The engine. The driving force behind all self-propelled vehicles, including planes, ships, trains and cars. Some are small, others massive. But where did it all start? Where is the technology heading to in the future? We look at some weird and wonderful examples of the species that is called “engine”
Compiled by: Danie Botha
A total of 85 000kW, from a 14-cylinder engine. In fact, kiloWatt s become redundant when talking this powerful: the more correct unit is megaWatt . And there are 85 of them.
The Wärtsilä-Sulzer RTA96-C marine engine is the biggest and most powerful reciprocati ng engine in the world. Featuring the latest common-rail turbodiesel technology, the massive two-stroke machine stands fi ve storeys high, is 27m long, and weighs in at more than 2000 tons.
Designed to power the biggest of the big container ships, the engine is available in six, eight, ten, 12 and 14-cylinder configurations, powering a single propeller. In its 14-cylinder format it ticks over at 92-102 r/min, due to the massive moving parts. This includes pistons with one metre in diameter, and a crankshaft that weighs in at more than 300 tons.
Fuel economy? These massive machines are on a strict diet of heavy fuel oil (commercial diesel fuel), and when operating at normal levels, drink about R30 000 worth of fuel – every single hour!
Okay, so this is not your typical, run of the mill engine.
But where did it all begin? Who was the bright spark, if you’ll excuse the pun, who one day woke up, and decided to design an engine?
It all began in 1206, when one al-Jazari, an Arabic scholar, inventor, engineer, astronomer and craftsman, was the first person to moot the possibility of the reciprocating engine. Said to have been more of a practical engineer than an inventor, al-Jazari was the first to describe “a double-acting reciprocating piston pump with a crank-connecting rod mechanism.”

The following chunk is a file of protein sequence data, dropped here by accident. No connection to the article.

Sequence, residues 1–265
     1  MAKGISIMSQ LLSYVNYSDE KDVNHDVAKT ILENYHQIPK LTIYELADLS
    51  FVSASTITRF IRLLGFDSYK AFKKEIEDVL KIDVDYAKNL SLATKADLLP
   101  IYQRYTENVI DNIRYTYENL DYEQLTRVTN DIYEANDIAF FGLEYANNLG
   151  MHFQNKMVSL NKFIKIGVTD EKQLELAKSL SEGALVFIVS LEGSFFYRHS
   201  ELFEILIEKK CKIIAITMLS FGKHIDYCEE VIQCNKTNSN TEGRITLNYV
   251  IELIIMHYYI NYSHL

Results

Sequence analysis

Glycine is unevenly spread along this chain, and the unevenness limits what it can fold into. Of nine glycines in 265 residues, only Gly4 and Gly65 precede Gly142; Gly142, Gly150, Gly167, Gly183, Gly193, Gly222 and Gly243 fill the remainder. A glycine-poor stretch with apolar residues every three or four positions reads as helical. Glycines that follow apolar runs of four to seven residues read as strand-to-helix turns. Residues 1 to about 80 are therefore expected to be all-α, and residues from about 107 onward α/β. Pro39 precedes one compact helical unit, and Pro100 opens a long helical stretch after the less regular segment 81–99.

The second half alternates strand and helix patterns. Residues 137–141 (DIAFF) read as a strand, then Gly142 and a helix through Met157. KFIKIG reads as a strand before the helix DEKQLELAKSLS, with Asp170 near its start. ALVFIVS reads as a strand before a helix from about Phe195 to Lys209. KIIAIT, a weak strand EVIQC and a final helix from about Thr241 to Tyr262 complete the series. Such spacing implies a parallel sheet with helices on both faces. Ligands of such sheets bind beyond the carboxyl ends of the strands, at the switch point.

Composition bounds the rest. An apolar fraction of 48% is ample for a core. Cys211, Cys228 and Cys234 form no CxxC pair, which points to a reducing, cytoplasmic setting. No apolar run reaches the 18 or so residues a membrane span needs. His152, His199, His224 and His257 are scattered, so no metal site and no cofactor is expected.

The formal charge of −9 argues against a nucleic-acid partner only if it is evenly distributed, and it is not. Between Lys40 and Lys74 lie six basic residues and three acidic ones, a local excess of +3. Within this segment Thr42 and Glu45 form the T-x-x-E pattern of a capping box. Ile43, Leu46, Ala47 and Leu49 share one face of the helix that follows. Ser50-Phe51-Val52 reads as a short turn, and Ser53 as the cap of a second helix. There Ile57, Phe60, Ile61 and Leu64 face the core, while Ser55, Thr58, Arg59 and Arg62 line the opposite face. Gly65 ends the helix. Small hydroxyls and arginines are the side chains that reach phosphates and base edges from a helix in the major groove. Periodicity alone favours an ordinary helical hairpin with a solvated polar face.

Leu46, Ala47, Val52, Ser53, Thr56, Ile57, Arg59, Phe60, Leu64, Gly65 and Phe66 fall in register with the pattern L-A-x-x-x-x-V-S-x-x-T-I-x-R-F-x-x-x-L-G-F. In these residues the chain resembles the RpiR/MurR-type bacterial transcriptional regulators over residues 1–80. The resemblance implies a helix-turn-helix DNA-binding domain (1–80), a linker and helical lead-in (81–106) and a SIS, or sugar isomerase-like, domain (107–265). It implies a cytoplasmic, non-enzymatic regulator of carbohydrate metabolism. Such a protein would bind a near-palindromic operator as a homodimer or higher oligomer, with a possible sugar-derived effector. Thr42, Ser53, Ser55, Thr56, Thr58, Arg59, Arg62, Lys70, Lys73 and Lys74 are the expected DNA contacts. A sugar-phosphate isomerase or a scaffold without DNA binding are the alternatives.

It was the basic principle of the internal combustion engine, and today even the 85mW Wärtsilä-Sulzer operates on that same principle.
After 1206 several inventors theorised about “the engine”, including Leonardo da Vinci. But it was only in the 17th century that Englishman Sir Samuel Morland experimented with gunpowder, which he used to drive water pumps with. It must have been a dangerous and rudimentary business, but Sir Morland had unwittingly created the world’s very first operational internal combustion piston engine.
In 1794 Robert Street from England built the world’s first compressionless engine, a piston engine that ran on an air-fuel mixture that was sucked or blown into the cylinder during the first part of the stroke. For nearly a century this principle of this compressionless engine dominated the engine market, even though small advancements were made in years to come.
But it was in 1876 that the real breakthrough came. German Nikolaus Otto, working together with Gottlieb Daimler and Wilhelm Maybach, developed a practical four-stroke cycle engine. In-cylinder compression, the basis on which modern engines still operate, was born.
Another three years down the line, in 1879, one Karl Benz, working on his own, patented a reliable two-stroke engine, based on Otto’s four-stroke design. Benz continued work on a four-stroke design too, which in 1885 powered the world’s first production internal combustion car. By 1888 the three-wheeled Motorwagen became the very first car to be sold – four years ahead of any other manufacturer.
In the next few years new engine technology arrived thick and fast. In 1891 Herbert Akroyd Stewart built the first coldstart compression ignition engine (used in water pumps). In 1892 Dr Rudolf Diesel developed his Carnot “heat engine”. In 1896 Karl Benz invented the boxer engine, or horizontally opposed engine (no, it was not Subaru).
By 1900 Rudolf Diesel had progressed to demonstrating the diesel engine, which ran on peanut oil fuel. Norwegian Jens Elling built the world’s first working gas turbine engine in 1903. By 1908 Frenchman Rene Lorin patented the design for a ramjet. In 1910 Romanian Henri Coanda built and flew the first jet-powered aircraft (using a gasoline engine-powered compressor, but the design was abandoned due to low efficiency).